The CWC Coalition and the Arms Control Association will host a special briefing Monday, May 10 on "Reinforcing the Norm Against Chemical Weapons" via Zoom Webinar. The event will feature opening remarks by Fernando Arias, Director General of the OPCW.

For updates on this event and CWC related developments, sign up for alerts here  and follow the @CWCCoalition on Twitter.

New Congressional Working Group on Nuclear Arms Control

Thoughtful and principled congressional engagement on nuclear weapons policy has always been a critical ingredient to nuclear risk reduction. Now, there is a new bicameral Congressional Working Group on Nuclear Weapons and Arms Control co-chaired by Sen. Jeff Merkley (D-Ore.) and Sen. Ed Markey (D-Mass.), along with Rep. Don Beyer (D-Va.) and Rep. John Garamendi (D-Calif.).

To bolster the effort and help map out the next steps for the working group, the co-chairs have requested the advice and support of the Arms Control Association.

The group convened for the first time in March and produced its first joint effort in April: a message to the president urging the Biden administration to reengage Russia in regular, extensive, comprehensive dialogue on a broad range of nuclear and arms control issues, following the extension of the New START agreement.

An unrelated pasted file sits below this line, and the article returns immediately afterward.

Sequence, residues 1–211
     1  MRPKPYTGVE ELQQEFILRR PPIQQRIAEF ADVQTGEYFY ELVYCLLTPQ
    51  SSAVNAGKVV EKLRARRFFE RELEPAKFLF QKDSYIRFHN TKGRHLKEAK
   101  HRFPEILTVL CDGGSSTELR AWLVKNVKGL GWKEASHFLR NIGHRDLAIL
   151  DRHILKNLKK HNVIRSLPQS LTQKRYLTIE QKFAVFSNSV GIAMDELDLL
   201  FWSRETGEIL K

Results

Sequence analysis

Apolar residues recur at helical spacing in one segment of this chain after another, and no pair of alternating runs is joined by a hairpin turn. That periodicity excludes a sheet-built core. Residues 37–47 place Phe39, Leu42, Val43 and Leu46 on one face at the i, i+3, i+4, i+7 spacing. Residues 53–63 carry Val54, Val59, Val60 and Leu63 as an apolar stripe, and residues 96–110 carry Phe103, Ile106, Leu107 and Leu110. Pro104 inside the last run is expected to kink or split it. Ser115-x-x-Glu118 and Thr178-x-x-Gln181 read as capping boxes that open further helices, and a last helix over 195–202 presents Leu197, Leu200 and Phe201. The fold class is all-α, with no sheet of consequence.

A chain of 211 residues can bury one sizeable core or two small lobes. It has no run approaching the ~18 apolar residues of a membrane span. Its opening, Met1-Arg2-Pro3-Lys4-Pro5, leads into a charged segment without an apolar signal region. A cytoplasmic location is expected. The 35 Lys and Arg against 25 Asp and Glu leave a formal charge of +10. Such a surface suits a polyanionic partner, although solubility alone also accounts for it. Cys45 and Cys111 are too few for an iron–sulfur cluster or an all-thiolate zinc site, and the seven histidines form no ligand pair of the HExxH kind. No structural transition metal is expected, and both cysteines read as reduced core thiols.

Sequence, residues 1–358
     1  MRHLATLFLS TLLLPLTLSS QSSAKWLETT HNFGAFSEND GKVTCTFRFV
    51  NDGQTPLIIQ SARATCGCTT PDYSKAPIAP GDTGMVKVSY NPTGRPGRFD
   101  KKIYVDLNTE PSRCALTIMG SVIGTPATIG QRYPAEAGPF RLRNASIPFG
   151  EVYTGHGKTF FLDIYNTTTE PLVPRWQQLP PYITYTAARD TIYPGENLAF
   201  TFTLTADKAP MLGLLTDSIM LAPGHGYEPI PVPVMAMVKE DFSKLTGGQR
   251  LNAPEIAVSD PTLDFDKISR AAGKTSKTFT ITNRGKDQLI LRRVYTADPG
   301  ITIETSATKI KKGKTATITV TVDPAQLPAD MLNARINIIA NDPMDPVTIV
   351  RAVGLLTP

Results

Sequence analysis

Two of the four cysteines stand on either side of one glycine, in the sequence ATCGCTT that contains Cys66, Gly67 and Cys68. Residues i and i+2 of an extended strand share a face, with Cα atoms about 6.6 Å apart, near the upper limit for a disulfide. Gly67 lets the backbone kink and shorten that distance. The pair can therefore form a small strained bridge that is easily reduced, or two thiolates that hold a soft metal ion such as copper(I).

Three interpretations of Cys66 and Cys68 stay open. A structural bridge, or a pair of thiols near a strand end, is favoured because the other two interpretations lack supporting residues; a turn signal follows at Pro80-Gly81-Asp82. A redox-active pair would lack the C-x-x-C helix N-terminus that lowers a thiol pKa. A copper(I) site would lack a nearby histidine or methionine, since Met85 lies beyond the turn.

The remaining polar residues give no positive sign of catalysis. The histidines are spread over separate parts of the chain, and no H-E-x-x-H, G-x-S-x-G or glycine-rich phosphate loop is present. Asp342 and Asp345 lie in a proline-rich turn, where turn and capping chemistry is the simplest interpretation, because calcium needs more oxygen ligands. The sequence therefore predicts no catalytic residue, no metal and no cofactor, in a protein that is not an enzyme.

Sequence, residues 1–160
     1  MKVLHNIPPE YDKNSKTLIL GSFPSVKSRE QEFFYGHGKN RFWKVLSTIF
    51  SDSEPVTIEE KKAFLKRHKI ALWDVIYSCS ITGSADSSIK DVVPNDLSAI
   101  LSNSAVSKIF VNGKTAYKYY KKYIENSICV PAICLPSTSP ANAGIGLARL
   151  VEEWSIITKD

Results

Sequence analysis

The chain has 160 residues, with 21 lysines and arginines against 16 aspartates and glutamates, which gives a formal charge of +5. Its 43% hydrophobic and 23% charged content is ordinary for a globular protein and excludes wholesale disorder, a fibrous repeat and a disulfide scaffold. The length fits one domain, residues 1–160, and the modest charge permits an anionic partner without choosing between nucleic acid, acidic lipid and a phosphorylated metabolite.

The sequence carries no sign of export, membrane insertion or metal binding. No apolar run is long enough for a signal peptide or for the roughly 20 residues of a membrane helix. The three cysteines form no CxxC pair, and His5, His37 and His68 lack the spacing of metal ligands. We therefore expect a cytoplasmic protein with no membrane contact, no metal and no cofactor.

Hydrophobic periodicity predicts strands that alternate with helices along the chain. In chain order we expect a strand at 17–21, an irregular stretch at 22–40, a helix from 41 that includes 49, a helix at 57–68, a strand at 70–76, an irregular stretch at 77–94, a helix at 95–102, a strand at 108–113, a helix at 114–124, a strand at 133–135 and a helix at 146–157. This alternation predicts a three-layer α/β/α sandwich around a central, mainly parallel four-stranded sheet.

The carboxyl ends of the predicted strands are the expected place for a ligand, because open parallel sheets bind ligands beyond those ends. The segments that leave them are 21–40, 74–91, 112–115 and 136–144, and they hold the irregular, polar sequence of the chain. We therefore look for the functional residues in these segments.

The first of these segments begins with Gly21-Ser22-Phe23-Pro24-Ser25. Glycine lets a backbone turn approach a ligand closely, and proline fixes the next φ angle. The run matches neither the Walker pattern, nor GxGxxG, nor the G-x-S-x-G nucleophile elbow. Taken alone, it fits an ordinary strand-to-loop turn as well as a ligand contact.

"The United States and Russia, which together possess the vast majority of the world’s nuclear weapons, bear a special responsibility to ensure that we choose this safer, more secure path forward," they wrote in their April 15 letter to the president signed by 35 Senators and Representatives.

The full text is available here.

Board Election by Email Ballot - Please Vote!

In a "normal" year, we would be reaching out to you about our in-person Annual Meeting, but it has certainly not been a normal year and we are all still struggling to cope with the devastating coronavirus pandemic.

Our 2021 Annual Meeting, which will be held this coming October, will be conducted online. In early 2022, we plan to host a hybrid, in-person and online, event to celebrate 50 years of Arms Control Association accomplishments and rededicate ourselves to the work that still lies ahead. We look forward to seeing many of you then.

In the meantime, all ACA members are invited to vote by mail on the proposed slate of candidates for the 2021-2023 class of board of directors. We have four current Board members—William "Russ" Colvin, Michael Klare, Rachel Stohl, and Paul Walker—who have agreed to continue to serve on the board if approved by the membership.

You can read the biographies of and cast your vote for this year's candidates at Voting is now open and will close June 30, 2021.

Making the Case for Compliance with Iran Nuclear Deal

ACA’s policy team continues to monitor and analyze progress on the talks in Vienna to return the United States and Iran to compliance with the 2015 Iran nuclear deal. Earlier this month, executive director Daryl Kimball debated the issue on C-SPAN’s Washington Journal public affairs program.

Also, Board chair Tom Countryman’s op-ed, "Reining-in Iran’s nuclear program," was published in The Baltimore Sun, and our research team led by nonproliferation policy director Kelsey Davenport published a new edition of our e-newsletter, "The P4+1 and Iran Nuclear Deal Alert."

Look for the latest news updates in the forthcoming May issue of Arms Control Today.

The Arms Control Association In Action